08/26/03: There's only one hyperpower — so everything is our fault
08/04/03: The White Man's Burden
07/29/03: Bill Clinton got this right
06/25/03: It's Mullah time!
05/07/03: What counts is what a guy does when he's not talking
04/30/03: It's named UNSCAM for a very good reason!
04/14/03: Movers and shakers have moved on to the next 'disaster'
03/25/03: Give Saddam credit
03/18/03: 'Eurabia' will have to look after herself
02/27/03: Death wish
02/19/03: The curtain will come down on the peaceniks
02/10/03: Let's quit the UN
02/03/03: Columbia reality-check
01/29/03: Go forth and multiply
01/09/03: America's fake identity crisis
12/31/02: GOP underperforms, but Dems are laughable
11/26/02: A bombing pause --- for 12 months!?
10/30/02: Stop making excuses for Muslim extremists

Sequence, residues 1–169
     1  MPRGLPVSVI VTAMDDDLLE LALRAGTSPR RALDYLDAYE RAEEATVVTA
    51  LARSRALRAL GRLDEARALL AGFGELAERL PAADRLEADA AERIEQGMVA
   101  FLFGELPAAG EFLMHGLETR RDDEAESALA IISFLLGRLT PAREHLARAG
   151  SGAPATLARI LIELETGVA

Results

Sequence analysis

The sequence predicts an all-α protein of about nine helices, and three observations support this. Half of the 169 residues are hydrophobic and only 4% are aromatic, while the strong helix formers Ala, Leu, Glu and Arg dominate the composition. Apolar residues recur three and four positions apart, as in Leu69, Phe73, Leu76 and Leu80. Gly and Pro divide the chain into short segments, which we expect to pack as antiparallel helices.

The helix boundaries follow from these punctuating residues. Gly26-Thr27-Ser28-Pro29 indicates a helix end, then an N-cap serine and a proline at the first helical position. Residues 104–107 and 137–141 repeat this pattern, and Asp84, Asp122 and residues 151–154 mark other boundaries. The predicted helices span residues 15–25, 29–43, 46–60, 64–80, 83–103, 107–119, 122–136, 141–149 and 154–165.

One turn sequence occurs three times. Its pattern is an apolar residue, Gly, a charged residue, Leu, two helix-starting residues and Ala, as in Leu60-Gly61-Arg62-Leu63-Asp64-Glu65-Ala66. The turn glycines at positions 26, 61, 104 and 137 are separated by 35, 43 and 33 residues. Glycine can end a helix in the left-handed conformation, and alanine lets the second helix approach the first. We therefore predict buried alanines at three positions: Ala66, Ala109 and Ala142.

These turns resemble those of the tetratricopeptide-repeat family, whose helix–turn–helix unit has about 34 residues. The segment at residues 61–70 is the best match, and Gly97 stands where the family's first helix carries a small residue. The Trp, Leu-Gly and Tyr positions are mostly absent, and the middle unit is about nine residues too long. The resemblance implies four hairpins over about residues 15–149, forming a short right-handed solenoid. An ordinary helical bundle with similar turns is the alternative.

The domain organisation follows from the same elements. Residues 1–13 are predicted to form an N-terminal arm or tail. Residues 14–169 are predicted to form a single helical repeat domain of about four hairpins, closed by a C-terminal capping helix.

09/27/02: The more inventively you try to ''explain'' the Islamist psychosis as a rational phenomenon to be accommodated, the more you risk sounding just as nutty as them
08/23/02: Battered Westerner Syndrome inflicted by myopic Muslim defenders
08/09/02: Friends in low places
08/02/02: Armageddon out of here
07/26/02: Enjoy the ''scandal'' while you can, lads
07/16/02: Arafat is toast; Bush knows it --- so why doesn't the rest of the world?
07/10/02: Hey, FBI: So, denial really is a river in Egypt!
06/20/02: A fight to the finish
06/11/02: Rock, royalty a good match
05/31/02: Unless we change our ways ... the world faces a future where things look pretty darn good
05/24/02: Sweet land of liberty: Britain and Europe have free governments, but only in the US are the people truly free
05/14/02: Extreme hypocrisy in the pursuit of 'peace' is ...
05/10/02: The home office of extremism
05/01/02 Slipping down the Eurinal of history: France, the joke is on you
04/23/02 It's time to snap out of Arab fantasy land
04/16/02 Mideast war exposes 'ugly Europeans'
04/09/02 Arafat has begun his countdown to oblivion. Now it's time to crush the Palestinian uprising
03/27/02 The good, the bad and the Gallic shrug
03/20/02 Grand convocation of the weird

© 2004, Mark Steyn